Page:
This is one of my favorite knockoffs. I fell in love with Ethan Allen’s Ming Media console. However, I didn’t love the $1800 price tag. I went to Ana White’s website and found a similar plan. Ana has over a 1,000 free D.I.Y plans. Here is the plan I modified: http://ana-white.com/2011/10/benchmark-media-console
Ana showcased my DIY aged aqua cabinet on her site. Since then, I’ve had a lot of questions asking how I finished this piece. So, I thought I would explain how I achieved my aged aqua look with vaseline. Yep, vaseline. It was easy, cheap and fun! Read on.
Clear and Dark wax
120, 150, 220 grit paper
Steel Wool #3,
Minwax Pre-Stain Conditioner
Minwax stain Provincial
Please read through the entire plan and all comments before beginning this project. It is also advisable to review the Getting Started Section. Take all necessary precautions to build safely and smartly. Work on a clean level surface, free of imperfections or debris. Always use straight boards. Check for square after each step. Always predrill holes before attaching with screws. Use glue with finish nails for a stronger hold. Wipe excess glue off bare wood for stained projects, as dried glue will not take stain. Be safe, have fun, and ask for help if you need it. Good luck!
STEP 3: STAIN
Stain your wood with the color of your choice. I just happen to LOVE Minwax’s Provincial right now. I didn’t stain the entire cabinet ($$ saving tip). I only stained the areas I planned on distressing. Ask yourself where normal wear and tear would occur. For example, the corners, edges, raised areas and doors. I applied the stain using a sponge brush. Brush on, let it sit for a few minutes and then wipe off. I let it sit and dry (about 30 minutes).
STEP 4: SAND and apply VASELINE
Lightly sand it again using 220 grit. Get a small amount of vaseline and place on the areas you want to distress, ie….the areas you want the stain to show through. Keep in mind that you want to dab it in areas where natural distressing occurs (like I mentioned above in step 3). The vaseline makes the top coat of paint practically fall off with ease so apply it wherever you want to distress the piece later. You can almost wipe it off with a rag so you have to be careful where you put it. Don’t overdo it though. The vaseline smears easily and can leave you with larger exposed areas after distressing that you may not want.
I purchased all my paint from Home Depot, even the chalk paint (TIP: one stop shopping makes life easier). Here are the colors I used:
Behr; Song Bird
Ralph Lauren; Reservoir Blue
Americana Decor Chalk Paint in Tresor.
After I mixed the three (about a 1:1: ratio), I settled on this lovely teal color. Start painting. I put 2 coats on. Let fully dry between each coat. Tick…tock…tick…tock. I am not patient, so waiting was very hard, but very necessary.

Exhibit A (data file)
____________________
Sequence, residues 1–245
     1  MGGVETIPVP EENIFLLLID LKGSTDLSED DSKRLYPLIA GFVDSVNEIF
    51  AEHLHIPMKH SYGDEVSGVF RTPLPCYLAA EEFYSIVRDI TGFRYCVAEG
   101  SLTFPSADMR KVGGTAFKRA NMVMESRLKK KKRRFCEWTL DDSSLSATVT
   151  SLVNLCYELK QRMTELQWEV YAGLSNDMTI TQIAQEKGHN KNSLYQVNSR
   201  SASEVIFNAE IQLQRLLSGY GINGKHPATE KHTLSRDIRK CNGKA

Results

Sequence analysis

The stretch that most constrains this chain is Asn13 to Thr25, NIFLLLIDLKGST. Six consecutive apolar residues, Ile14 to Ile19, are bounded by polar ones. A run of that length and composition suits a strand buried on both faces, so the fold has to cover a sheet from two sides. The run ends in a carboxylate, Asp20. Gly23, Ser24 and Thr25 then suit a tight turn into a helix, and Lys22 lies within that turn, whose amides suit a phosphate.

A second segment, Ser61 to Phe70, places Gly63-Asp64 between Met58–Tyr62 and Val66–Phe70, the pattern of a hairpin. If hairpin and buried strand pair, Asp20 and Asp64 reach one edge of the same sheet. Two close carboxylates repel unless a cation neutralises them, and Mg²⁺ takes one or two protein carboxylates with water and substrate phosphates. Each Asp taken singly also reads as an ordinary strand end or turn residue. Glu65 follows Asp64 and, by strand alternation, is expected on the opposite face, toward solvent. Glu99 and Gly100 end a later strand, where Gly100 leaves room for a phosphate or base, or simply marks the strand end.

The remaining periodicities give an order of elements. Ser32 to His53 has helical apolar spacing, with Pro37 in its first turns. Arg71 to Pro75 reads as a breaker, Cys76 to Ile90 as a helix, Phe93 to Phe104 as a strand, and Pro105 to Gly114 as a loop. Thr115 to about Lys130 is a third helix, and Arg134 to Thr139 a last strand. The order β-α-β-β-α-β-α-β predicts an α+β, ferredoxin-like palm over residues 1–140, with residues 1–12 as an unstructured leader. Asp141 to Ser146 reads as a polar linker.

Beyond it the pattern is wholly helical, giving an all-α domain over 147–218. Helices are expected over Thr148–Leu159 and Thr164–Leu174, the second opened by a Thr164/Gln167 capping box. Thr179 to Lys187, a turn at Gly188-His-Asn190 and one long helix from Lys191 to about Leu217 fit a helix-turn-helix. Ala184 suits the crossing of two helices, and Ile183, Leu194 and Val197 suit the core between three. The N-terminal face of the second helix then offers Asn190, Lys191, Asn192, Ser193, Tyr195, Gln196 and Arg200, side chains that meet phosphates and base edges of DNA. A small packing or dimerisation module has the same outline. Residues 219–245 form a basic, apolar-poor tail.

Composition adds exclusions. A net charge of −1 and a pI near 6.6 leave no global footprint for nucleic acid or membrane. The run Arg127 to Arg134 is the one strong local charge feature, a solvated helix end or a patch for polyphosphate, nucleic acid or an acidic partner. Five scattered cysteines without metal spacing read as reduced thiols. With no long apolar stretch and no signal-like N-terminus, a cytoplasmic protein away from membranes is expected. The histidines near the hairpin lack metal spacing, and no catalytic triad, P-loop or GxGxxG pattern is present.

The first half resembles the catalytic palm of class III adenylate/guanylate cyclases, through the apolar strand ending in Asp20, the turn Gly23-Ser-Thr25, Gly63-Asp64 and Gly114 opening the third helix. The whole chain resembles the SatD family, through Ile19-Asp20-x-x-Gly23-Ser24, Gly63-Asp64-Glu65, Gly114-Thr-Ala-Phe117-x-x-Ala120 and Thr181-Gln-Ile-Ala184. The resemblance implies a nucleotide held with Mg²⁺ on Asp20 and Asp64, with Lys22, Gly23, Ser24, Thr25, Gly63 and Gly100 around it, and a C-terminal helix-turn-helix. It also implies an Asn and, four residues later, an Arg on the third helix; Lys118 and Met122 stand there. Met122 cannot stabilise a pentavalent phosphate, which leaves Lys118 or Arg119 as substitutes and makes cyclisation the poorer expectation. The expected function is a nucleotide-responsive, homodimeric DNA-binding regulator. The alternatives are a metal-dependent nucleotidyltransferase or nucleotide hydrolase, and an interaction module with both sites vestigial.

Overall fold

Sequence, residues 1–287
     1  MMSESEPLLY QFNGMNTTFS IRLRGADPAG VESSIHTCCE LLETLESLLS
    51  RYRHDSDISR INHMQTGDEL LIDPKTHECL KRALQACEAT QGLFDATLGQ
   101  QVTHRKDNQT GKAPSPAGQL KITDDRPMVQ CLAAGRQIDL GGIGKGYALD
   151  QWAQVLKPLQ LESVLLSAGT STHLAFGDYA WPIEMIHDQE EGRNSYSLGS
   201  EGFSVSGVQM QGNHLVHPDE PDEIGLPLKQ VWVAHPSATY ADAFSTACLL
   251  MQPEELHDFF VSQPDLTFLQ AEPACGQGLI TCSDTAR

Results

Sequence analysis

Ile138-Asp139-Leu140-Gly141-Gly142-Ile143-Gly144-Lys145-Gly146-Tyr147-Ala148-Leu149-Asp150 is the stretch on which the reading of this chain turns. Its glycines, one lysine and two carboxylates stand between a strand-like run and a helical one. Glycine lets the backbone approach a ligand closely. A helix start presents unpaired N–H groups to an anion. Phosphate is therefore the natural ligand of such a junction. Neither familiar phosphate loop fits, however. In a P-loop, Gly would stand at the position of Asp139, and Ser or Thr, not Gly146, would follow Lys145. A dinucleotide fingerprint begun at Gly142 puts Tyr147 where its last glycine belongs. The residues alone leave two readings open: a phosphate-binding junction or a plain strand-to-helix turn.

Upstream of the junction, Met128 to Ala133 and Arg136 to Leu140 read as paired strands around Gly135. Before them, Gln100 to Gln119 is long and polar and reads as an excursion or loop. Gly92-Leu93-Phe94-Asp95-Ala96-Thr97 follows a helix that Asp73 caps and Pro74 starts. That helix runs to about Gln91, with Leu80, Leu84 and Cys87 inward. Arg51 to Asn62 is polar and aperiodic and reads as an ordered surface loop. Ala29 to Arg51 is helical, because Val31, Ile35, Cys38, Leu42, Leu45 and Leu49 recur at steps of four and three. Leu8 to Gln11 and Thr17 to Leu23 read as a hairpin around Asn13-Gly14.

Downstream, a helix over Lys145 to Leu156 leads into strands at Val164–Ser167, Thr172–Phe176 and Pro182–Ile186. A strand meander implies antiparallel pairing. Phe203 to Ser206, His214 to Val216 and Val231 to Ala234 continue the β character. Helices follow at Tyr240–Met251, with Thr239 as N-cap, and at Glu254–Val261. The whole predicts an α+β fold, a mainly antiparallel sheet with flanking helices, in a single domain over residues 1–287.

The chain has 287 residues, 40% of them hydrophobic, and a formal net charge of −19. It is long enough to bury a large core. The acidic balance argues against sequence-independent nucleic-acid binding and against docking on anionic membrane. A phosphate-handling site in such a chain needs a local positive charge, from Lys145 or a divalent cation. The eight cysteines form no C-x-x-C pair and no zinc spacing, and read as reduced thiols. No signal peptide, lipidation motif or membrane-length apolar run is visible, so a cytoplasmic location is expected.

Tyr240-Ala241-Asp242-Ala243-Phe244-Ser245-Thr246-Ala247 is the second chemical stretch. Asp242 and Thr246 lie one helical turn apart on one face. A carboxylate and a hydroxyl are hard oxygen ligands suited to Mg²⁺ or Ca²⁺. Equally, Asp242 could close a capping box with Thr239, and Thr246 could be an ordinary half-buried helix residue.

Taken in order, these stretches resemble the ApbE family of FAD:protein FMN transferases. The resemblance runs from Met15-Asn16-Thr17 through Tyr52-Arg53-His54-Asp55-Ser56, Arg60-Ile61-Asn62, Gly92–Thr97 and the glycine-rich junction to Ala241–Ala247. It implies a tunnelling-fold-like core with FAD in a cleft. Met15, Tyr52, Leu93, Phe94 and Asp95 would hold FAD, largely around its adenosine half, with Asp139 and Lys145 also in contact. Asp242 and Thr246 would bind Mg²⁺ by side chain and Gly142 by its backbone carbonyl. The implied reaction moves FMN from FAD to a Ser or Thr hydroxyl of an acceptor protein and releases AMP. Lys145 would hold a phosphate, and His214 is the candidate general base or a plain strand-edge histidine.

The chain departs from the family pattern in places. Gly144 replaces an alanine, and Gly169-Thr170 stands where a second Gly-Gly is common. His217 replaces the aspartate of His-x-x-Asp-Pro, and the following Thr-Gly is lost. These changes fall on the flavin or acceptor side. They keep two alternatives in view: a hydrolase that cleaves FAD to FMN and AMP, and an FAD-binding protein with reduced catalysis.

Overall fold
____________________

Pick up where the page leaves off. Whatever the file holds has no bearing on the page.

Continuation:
STEP 7: DISTRESS
After your paint has dried you are ready to begin distressing. I used my Ryobi corner cat sander with 150 grit paper. I also used course steel wool (#3) to get into the areas my sander wouldn’t. You can use what works for you. I focused on the front of the dresser (sides, doors, etc…) for a heavier distressing. Begin on the places you applied vaseline. The paint in these areas will easily peel off. Add other distress marks as desired. You can distress as much or as little as you want. I didn’t want a lot of distressing, so I chose to go light on the sanding. (TIP: there are no mistakes that can’t be fixed. If you distress too much in one area, start at step 4 above and re do the area). Make sure to clean off any sanding debris that remains.
STEP 8: WAX
Watch the magic come alive. I used Annie Sloan clear and dark wax all over. I’ve used Americana Decor wax in clear and dark in the past and it works just as well (TIP: Americana Decor is cheaper than Annie Sloan). I just happened to have Annie Sloan’s waxes on hand and her stuff is amazing. Apply the clear wax first. I used a 2.5″ Purdy bristle brush from Home Depot. For more information on how to apply Annie Sloan waxes, please refer to her website: www.anniesloan.com. Annie recommends applying a lot of wax, but then taking loads of it off! She says that we need to spread it all over making certain it really soaks into the paint and crevices. However, it costs a small fortune and I didn’t want to waste any wax (or $$). I applied a small amount all over with light brush strokes. After applying it, wipe it off pressing into the paint so it absorbs in. I usually apply it with a brush and then wipe it off with a rag. Now, after you have applied a layer of clear wax, brush your dark wax either all over or in the areas you want to give an aged effect. I chose to brush it all over. Then take a rag and remove any excess dark wax. (TIP: Always apply dark wax over clear wax. This will have better control over your toning layer or antiquing effect.).
Let the wax dry. It has to DRY!! Another moment where I have to exercise patience. (TIP: wax right before you go to bed. When you wake in the morning, it will be ready to buff).
STEP 9: BUFF
Take a clean, soft rag and buff it. The more you buff, the more shine you get.
It is always recommended to apply a test coat on a hidden area or scrap piece to ensure color evenness and adhesion. Use primer or wood conditioner as needed.